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Oprettet: 04-03-2019

Effects of additives to improve aerobic stability of TMR

Effects of Propionic acid, Sodium benzoate, Salvana TMR and FreshFOSS on aerobic stability and microbial composition of total mixed rations for dairy cattle

Introduction

Aerobic spoilage of total mixed rations (TMR) during the summer months is a problem that is commonly observed in the Danish dairy industry. However, problems with aerobic spoilage vary considerably among herds. In some herds, aerobic spoilage might be apparent on only a few days in a year and other herds have pronounced spoilage for months, if the TMR is not treated with appropriate additives. Any heating of TMR in the bunk is to be considered as an important feeding problem and it is strongly recommended to check leftovers for heating on a regular basis during summer.

If a ration has been extensively mixed e.g. Compact TMR (Kristensen 2017), the feed can be warm already when unloaded, however, this should not be confused with aerobic spoilage because it is caused by friction in the mixer and not microbial spoilage.

Sodium benzoate is not approved for use in TMR, it is only approved for treatment of silage. Many farmers have wondered why the substance is not allowed for use in TMR when it legally can be used in food and is extensively used by the food industry. The aim of the present study was to test the efficacy of Sodium benzoate when compared to other additives used for the prevention of aerobic spoilage in TMR. It was also the aim of the study to compare “dry acid products” Salvana TMR and FreshFOSS with propionic acid.

Materials and methods

Experimental license to feed sodium benzoate in an on-farm experiment was obtained from The Danish Veterinary and Food Administration (Fødevarestyrelsen; J.no. 2018-29-79-02739).

The experiment was carried out on a farm feeding a single TMR to all milking cows. Experimental treatments were applied by splitting the daily allowance of TMR into 4 different batches.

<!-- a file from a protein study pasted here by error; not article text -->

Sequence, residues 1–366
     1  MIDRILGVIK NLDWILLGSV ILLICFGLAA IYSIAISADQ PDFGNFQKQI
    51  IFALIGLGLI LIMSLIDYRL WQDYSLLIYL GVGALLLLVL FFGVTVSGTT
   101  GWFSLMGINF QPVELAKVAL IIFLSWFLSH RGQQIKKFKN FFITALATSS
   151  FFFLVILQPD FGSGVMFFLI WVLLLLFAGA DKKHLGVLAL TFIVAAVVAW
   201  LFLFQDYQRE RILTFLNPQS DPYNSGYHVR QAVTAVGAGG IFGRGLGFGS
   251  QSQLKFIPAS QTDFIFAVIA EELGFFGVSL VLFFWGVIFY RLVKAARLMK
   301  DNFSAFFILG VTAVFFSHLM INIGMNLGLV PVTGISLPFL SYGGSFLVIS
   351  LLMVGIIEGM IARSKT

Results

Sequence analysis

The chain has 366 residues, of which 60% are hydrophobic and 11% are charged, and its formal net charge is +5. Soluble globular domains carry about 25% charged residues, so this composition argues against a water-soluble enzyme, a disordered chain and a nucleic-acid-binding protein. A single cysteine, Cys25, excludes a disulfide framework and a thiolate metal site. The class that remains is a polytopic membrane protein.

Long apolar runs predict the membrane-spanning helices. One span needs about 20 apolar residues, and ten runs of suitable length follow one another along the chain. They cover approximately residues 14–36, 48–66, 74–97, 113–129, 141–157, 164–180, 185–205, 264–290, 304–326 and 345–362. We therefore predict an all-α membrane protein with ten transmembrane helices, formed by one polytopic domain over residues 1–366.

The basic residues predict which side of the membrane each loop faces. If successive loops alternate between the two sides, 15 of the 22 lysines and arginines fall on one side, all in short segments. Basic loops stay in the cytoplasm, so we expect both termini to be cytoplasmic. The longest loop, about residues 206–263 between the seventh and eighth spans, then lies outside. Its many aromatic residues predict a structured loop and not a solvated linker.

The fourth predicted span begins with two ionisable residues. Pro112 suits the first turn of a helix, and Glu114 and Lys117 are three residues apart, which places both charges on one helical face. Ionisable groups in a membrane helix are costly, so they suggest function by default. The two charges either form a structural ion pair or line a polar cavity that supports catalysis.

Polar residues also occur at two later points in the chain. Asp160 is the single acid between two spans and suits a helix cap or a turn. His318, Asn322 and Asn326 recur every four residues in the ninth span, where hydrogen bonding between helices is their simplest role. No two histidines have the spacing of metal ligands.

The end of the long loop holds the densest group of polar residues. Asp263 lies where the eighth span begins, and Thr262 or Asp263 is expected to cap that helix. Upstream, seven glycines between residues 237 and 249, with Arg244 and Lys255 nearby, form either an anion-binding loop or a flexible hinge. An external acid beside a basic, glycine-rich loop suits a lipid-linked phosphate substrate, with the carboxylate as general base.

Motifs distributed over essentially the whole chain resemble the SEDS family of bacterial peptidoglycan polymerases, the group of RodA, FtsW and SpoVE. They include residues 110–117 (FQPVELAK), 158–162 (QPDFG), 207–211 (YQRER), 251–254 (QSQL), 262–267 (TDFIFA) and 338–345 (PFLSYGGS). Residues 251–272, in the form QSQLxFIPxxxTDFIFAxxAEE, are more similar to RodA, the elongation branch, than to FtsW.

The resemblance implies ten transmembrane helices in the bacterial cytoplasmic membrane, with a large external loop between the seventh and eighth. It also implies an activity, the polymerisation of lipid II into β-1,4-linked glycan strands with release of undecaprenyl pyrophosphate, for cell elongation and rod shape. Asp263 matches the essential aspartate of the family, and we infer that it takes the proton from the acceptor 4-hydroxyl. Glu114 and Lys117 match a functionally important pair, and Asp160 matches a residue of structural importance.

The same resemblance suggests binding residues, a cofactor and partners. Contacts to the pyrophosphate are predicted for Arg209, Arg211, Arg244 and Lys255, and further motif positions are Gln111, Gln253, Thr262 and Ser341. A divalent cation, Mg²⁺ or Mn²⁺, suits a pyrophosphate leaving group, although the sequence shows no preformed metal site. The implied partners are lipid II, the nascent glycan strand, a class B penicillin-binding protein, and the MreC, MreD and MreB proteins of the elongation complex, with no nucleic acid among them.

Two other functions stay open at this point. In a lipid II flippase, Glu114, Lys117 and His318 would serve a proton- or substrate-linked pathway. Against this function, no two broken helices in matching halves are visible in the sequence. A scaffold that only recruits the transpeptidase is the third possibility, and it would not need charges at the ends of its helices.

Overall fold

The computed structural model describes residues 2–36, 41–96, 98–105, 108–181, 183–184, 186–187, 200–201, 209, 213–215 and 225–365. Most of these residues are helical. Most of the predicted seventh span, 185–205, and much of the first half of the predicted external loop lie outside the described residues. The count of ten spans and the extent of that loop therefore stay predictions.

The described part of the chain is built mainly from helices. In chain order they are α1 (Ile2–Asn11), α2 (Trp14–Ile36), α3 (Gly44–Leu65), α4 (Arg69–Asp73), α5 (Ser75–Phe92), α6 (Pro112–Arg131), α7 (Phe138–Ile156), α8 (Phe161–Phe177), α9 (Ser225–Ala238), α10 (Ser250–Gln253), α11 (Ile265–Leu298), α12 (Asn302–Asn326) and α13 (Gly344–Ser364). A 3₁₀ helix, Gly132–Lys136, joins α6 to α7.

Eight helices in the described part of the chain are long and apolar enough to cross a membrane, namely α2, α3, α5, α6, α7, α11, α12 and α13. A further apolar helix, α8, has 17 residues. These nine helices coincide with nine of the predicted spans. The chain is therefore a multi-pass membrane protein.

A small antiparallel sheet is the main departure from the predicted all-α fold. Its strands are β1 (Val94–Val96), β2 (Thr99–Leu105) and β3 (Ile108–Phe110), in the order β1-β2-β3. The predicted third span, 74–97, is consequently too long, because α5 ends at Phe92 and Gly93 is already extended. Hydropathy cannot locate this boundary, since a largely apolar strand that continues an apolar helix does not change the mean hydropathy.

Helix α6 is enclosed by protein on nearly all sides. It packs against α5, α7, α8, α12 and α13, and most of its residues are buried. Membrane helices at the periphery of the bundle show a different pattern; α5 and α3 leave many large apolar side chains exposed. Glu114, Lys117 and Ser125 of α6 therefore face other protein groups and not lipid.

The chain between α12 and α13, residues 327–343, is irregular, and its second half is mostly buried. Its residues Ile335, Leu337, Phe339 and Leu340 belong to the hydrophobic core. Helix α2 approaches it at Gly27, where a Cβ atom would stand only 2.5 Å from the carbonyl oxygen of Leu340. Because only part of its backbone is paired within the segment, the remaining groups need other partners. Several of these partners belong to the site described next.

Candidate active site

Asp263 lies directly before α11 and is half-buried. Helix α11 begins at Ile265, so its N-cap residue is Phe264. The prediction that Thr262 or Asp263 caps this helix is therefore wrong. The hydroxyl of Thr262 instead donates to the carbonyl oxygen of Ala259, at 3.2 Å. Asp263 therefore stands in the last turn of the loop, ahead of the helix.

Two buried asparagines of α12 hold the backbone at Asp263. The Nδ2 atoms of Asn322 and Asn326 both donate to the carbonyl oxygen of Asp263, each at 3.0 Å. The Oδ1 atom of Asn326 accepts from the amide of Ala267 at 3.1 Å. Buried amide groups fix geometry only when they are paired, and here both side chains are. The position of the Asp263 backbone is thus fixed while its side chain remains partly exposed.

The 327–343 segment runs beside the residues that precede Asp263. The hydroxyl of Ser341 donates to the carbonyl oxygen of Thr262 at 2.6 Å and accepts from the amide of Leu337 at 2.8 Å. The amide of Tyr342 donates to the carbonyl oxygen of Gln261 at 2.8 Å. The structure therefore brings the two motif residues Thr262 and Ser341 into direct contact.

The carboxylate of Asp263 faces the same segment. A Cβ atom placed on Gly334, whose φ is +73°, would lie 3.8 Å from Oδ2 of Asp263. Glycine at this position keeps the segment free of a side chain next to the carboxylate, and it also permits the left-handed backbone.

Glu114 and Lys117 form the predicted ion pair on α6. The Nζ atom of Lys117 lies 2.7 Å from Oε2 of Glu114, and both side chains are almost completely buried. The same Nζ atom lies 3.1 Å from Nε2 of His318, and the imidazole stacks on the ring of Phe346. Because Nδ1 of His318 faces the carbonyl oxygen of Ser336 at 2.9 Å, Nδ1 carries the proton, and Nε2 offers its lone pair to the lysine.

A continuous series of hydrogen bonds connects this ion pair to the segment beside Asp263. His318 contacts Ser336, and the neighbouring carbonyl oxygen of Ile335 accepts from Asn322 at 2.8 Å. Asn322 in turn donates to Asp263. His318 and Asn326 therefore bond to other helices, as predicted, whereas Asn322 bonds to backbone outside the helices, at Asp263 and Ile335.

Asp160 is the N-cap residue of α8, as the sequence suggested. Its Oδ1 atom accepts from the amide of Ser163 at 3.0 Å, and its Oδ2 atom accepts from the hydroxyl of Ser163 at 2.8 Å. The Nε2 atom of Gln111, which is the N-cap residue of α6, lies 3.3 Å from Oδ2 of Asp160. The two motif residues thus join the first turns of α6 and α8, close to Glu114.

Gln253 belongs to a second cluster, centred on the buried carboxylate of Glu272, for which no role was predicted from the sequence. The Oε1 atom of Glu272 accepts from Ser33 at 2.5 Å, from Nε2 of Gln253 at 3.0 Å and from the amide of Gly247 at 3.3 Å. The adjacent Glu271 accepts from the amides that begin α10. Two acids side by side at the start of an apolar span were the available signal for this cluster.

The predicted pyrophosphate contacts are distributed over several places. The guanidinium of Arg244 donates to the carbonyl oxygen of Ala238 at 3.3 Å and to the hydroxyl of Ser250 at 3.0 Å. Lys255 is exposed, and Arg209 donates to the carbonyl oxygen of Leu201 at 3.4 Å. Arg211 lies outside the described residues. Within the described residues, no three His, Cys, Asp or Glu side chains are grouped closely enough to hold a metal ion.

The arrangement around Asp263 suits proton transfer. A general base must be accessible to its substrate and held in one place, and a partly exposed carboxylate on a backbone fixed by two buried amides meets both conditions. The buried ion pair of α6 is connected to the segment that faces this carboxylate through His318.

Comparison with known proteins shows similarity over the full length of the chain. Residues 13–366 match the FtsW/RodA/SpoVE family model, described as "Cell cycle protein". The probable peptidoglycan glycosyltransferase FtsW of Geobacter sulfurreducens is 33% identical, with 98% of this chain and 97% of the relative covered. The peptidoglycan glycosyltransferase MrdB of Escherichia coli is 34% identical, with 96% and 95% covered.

Experimental treatments were: Control = untreated TMR; Propionic acid = 3 L propionic acid/ton TMR; Sodium benzoate = 1 kg sodium benzoate/ton TMR (R2 Agro A/S, Hedensted, Denmark; Sodium Benzoate Feed Grade); Salvana TMR = 1 kg Salvana TMR/ton TMR (product 1051028, Acid TMR Fresh Plus; Linds A/S) and FreshFOSS = 1 kg FreshFOSS/ton TMR (Vilofoss, Denmark).

Propionic acid, Salvana TMR and FreshFOSS were used without predilution in water. Sodium benzoate was dissolved in tap water with a final concentration of 33% (weight/volume), and 3 L of 33% solution/ton TMR were applied.

The protocol was repeated on 3 different days in a herd with approx. 260 milking cows (Viking Red, Viking Holstein and crossbreds). On each day, the feeding was split into 4 batches – each treated with one of the additives being tested. Untreated TMR was sampled from the first batch on each day before application of the additive. The feed bunk was divided into 4 separately marked sections and each batch of TMR was unloaded in a predefined section. The combination of sections and treatments was randomized between days (Table 1).

The composition of the TMR was (% of DM): corn silage, 46.1; canola cake and meal, 25.7, grass-clover silage, 18.4; caustic rye, 8.5; mineral premix and salt, 1.3. The ration was added 9 kg water/ration.

On each day, the total amount of corn silage to be used in all 4 batches was premixed in the feed mixer and unloaded. Corn silage was sampled on each day from the corn silage premix.

TMR was mixed using a horizontal auger mixer (Seko Samurai 7 Power 600/230, Seko Industries Srl., Italy). The main advantage of this mixer was that both large and small batches could be mixed with full impact due to the horizontal augers and extended counter blade system.

The mixing protocol was a standard Compact TMR protocol (Kristensen, 2017) except that the soaking and structuring phases were combined and all ingredients except corn silage were mixed into a common premix and unloaded.

Each of the 4 daily TMR batches were mixed by combining the same relative amount of the structuring premix and corn silage premix in order to obtain closely similar batches of TMR.